NNArchive
Juniper Employee , Juniper Employee Juniper Employee
NNArchive
Spin the bottle and kiss that switch….
Nov 16, 2011

bottlesmall.jpgSwitches today are like a sports car with no doors:  while you get most of what you want, you can’t have it all.  With switches, it seems that every new feature in one area imposes a penalty somewhere else. For instance:

Layer 2 only:  Blazingly fast, but no Layer 3 features.
Layer 2 + Layer 3:  Nice feature mix, but a slight performance pause—which frames am I switching?
Layer 2 + Layer 3 + FCoE: Even more features, but the switch gets dizzy thinking about which frame is which…
Layer 2 + Layer 3 + FCoE + FC: Lots of features, but I might as well walk the frame to its destination…

 

Is it possible to get all the above without compromising in features and performance? 

 

Why is it that customers still have to choose among feature sets when buying a switch?  Better yet, why is there a lack of choice in the market today for top-of-rack access switches?  Let’s take a look at what’s currently available.

 

How about 48 ports of 10GbE, four 40 Gbps ports, L2, L3, DCB and FCoE, all in a one rack-unit top-of-rack (ToR) switch.  Sound familiar?  It should; if you’re looking for a 10GbE ToR switch to connect servers in your data center, you’ve probably noticed that most vendors offer some version of this device.  One may be blue, another may be gray and a third may be purple, but aside from some subtle differences, they are all pretty much the same. 

 

Cisco, Arista, Force10/Dell, IBM BNT—peel back the covers on any of these vendors’ switches and you’ll probably see one of two things:   

 

1) Switch manufacturers are simply taking all the same ASICs that silicon vendors are selling them, slapping them into a chassis, and pasting their logos on the box.  The only real semblance of customization is the fact that these manufacturers use their own software to enable the features the merchant silicon vendors built onto their ASICs.  And that’s fine, since without the custom software, all these ToR switches would end up looking, smelling and performing the same.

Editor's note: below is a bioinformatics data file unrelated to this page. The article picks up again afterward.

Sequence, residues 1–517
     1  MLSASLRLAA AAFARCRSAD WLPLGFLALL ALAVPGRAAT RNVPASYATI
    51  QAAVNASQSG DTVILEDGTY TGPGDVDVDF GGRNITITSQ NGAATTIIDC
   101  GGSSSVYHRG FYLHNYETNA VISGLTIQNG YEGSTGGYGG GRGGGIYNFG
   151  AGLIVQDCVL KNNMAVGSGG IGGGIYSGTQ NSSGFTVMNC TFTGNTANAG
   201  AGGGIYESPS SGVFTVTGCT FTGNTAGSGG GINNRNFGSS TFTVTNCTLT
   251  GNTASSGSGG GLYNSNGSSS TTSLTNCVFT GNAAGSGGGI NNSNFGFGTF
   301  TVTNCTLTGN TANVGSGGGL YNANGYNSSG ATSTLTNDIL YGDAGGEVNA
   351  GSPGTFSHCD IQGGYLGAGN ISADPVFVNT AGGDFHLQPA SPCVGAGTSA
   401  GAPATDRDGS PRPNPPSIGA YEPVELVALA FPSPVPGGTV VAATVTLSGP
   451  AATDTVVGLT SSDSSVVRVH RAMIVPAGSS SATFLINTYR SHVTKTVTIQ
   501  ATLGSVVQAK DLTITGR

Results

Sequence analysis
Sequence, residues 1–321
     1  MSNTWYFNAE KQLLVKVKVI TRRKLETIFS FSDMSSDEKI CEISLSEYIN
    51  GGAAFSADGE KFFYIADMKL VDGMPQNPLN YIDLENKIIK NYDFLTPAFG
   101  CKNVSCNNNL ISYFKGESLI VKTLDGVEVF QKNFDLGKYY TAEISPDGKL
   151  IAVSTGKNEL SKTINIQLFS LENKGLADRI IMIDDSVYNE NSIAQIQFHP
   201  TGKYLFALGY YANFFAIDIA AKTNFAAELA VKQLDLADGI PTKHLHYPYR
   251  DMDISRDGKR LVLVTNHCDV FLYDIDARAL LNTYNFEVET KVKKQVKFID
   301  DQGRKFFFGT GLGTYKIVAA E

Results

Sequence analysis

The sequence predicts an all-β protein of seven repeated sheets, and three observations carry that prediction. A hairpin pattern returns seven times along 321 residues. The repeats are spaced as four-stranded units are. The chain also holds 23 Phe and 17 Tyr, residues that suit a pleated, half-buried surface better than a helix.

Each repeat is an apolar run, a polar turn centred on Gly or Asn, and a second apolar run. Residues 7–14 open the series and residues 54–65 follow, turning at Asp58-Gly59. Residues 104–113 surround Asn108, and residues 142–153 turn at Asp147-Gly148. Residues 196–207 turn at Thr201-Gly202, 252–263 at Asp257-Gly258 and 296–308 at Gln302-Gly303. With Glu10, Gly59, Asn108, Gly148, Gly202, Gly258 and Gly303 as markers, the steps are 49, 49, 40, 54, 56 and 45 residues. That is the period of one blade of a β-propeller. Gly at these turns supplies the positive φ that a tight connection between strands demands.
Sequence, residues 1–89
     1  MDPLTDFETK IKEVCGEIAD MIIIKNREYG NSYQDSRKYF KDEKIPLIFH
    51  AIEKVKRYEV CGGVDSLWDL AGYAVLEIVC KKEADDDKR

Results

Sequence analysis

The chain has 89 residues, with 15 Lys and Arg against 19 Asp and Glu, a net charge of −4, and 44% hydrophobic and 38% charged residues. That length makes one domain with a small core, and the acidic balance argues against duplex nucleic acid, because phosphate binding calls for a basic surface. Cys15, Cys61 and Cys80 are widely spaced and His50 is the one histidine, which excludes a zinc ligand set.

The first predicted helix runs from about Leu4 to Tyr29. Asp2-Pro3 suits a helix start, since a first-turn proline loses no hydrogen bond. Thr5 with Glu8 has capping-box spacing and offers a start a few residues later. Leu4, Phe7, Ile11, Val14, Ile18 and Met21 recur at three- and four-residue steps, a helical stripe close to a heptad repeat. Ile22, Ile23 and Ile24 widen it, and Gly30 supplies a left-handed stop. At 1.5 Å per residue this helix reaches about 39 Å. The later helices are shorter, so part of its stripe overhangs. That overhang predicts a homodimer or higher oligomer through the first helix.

2) Vendors who actually do use their own home-grown ASICs and software to power their ToR switches are forced to make compromises between performance and features.  While this does help to differentiate these products from the competition, as mentioned previously, there is always a tradeoff.  Will the switch be fast, which means Layer 2 only, or will it be feature rich (L2+L3+the kitchen sink) and..well…not so fast? 

 

Either way, when selecting a switch, you might as well close your eyes, spin the bottle and pucker up, because it really doesn’t matter which product it lands on.

 

It wasn’t always this way.  In the past, network vendors built their own ASICs and added their own software to enable their own built-in features—the key differentiators that made the switches stand out.  Now, this trend towards one-size-fits-all is raising legitimate accusations of commoditization (a topic I will address in a future blog).

 

I’ve spent the better part of my career as an ASIC designer.  I helped build key features into the top network vendor’s silicon.  And frankly, merchant silicon vendors have caught up to the networking vendors and are now producing some really good ASICs, making it easy for the manufacturers to spin out full-featured, high-quality top of rack switches.

 

So the real question customers need to ask is, what are networking vendors doing with this merchant silicon to avoid the “commoditization” label and set themselves apart?  What extra value are they building into their switches to differentiate themselves from the competition?  Why should customers buy one 10GbE ToR switch over another, aside from color preferences?  The bottle is still spinning…..